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CHAPTER 1:

INTEGRATED SERVICE MANAGEMENT

8 P MODEL : COXSWAIN MODEL

8 P MODEL : COXSWAIN MODEL


PROCESS PRODUCT PRODUCTIVITY & QUALITY

PLACE & TIME

PROMOTION & EDUCATION

PEOPLE

PRICE & OTHER COSTS

PHYSICAL EVIDENCE

A. PRODUCT
The term product is defined as a bundle of attributes capable of exchange or use, usually a mix of tangible and intangible forms. It may be an idea, a physical entity, or a service, or any combination of these.

PRODUCT: Conceptualization of the service concept


Customer Benefit Concept Service Concept Service Offer and Service Package Service Delivery System

SERVICE CONCEPT: LEVELS OF SERVICES

LEVEL CONTENTS 1 2 Basic Basic+ minimum conditions

EXAMPLE Food

Kitchen, serving space, menu availability In addition to expected Sparkling floors, Smiling employees, ambience Exceed expectations Welcome flowers, Welcome Drink Beyond the usual

CORE AND PRODUCT SURROUND


BASIC FEATURES

PRODUCT SURROUND
CORE PRODUCT

ADDED VALUES

Consists

Impact

Cost

Core product

Basic features

30%

70%

Product surround

Added values

70%

30%

SERVICE PACKAGE: SERVICE FLOWER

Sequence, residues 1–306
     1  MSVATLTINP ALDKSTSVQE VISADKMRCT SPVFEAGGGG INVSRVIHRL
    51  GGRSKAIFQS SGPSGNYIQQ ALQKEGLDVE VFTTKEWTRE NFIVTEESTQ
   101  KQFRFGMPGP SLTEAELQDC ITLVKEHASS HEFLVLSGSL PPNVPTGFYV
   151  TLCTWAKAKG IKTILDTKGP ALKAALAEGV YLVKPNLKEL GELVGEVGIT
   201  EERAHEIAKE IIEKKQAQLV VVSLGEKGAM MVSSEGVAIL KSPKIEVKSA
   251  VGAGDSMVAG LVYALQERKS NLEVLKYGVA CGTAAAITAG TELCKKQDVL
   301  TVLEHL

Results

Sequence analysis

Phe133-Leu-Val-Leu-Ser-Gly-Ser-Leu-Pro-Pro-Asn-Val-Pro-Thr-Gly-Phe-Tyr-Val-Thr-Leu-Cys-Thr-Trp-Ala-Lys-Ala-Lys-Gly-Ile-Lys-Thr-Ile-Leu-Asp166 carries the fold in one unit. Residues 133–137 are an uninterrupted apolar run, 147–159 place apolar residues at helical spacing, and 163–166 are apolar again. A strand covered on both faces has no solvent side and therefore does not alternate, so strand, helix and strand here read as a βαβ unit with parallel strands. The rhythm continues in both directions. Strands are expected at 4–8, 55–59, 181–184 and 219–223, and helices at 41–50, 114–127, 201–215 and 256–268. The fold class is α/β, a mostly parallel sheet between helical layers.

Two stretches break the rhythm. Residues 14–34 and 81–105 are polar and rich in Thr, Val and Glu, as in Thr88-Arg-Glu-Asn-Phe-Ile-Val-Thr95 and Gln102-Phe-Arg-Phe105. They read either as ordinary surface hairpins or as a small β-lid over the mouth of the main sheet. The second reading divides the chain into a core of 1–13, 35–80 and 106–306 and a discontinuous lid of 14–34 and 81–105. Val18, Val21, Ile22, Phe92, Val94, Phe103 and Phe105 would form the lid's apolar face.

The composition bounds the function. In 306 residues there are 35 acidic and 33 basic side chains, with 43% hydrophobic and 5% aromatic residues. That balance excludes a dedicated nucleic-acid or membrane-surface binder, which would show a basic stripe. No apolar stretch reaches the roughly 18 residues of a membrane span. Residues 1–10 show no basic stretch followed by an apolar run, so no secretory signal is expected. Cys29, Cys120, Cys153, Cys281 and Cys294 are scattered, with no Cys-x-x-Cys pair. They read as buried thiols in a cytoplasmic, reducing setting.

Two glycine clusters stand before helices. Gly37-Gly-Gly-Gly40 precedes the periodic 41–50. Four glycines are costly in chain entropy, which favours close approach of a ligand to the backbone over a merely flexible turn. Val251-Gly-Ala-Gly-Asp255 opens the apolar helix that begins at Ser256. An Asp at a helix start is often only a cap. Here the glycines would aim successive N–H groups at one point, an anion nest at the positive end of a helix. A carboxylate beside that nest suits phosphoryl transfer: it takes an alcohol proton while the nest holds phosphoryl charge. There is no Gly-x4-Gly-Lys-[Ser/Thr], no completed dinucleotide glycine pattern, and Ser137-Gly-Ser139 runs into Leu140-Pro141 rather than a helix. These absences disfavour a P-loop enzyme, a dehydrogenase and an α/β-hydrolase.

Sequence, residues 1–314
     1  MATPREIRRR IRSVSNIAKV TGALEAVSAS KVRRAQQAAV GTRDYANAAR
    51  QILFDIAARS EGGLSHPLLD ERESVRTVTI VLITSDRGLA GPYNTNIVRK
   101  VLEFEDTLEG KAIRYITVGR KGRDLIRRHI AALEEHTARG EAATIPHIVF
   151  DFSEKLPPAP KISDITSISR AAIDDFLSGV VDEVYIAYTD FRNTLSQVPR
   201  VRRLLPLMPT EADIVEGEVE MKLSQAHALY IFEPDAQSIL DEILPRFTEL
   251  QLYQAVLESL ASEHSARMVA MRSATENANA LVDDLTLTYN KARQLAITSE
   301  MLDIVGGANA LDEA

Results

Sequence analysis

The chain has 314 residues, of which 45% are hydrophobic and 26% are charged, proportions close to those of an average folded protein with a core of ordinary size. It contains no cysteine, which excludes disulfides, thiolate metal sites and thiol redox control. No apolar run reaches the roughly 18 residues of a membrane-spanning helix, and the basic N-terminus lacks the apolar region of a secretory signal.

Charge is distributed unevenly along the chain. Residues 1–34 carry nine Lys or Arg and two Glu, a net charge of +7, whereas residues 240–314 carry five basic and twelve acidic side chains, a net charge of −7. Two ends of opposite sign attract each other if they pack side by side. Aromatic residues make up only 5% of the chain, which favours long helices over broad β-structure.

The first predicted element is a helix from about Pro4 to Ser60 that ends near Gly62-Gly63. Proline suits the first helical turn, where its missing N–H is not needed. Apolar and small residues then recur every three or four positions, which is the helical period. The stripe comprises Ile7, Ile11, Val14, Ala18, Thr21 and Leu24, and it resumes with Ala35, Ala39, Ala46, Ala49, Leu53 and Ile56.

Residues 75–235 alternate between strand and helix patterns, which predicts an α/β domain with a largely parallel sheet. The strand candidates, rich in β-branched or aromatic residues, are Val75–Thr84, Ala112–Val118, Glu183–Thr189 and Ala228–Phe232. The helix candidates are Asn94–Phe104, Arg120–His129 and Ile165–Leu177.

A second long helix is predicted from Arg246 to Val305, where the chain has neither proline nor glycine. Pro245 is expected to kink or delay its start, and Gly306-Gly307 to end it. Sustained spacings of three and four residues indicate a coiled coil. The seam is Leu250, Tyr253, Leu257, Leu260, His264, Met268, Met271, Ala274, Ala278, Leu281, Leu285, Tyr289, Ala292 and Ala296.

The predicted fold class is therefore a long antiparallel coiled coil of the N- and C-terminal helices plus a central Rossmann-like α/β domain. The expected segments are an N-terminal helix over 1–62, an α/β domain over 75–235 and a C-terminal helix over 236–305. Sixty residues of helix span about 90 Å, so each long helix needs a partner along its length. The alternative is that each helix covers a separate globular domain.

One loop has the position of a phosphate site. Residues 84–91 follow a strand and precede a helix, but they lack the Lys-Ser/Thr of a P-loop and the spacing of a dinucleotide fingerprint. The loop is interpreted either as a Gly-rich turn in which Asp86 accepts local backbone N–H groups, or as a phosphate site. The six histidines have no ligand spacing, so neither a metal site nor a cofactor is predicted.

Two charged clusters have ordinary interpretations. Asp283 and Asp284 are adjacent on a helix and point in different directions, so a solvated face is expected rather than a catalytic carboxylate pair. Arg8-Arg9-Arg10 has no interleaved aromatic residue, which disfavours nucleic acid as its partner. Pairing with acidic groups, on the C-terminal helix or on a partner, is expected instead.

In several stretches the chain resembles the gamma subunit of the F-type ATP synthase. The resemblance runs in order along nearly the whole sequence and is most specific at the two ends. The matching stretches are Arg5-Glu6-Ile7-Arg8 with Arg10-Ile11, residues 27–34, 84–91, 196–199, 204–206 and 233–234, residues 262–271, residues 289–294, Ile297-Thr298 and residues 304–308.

Locker facility Card room CORE: Food and shelter

Swimming

Shopping

Transport

Casino

Medical services

Lounge

Supplementary services

TYPES OF NEW SERVICES


TYPE Major Innovation Start up business New service for currently served market Service Line Extensions EXAMPLES First broadcast TV. Service ATM, Vending Machines Library starts a restaurant

New Courses, New Sectors, New dish on menu

Service Improvements
Style Changes

Extended Banking hours


New design on bank cheques

NEW SERVICE DEVELOPMENT PROCESS


1. 2. 3. 4. 5. 6. 7. 8. Exploration & Idea Generation Screening Concept testing Business analysis Service development Test marketing Commercialization Evaluation

PRODUCT LIFE CYCLE

SERVICE PRODUCT DECISIONS


EXISTING PRODUCTS NEW PRODUCTS

EXISTING MARKETS

Market penetration

Product development

NEW MARKETS

Market Development

Diversification

IGOR ANSOFF`S PRODUCT GROWTH MATRIX

B. PRICE
Only element of the marketing mix which generates revenue. All others generate cost

Importance of income groups, Competition and Government Regulations


Perceptions of quality

PRICING OBJECTIVES
Survival Profit maximization Sales Maximization Prestige Return on Investment Stimulating patronage

FACTORS AFFECTING PRICING DECISIONS

Internal Factors

External Factors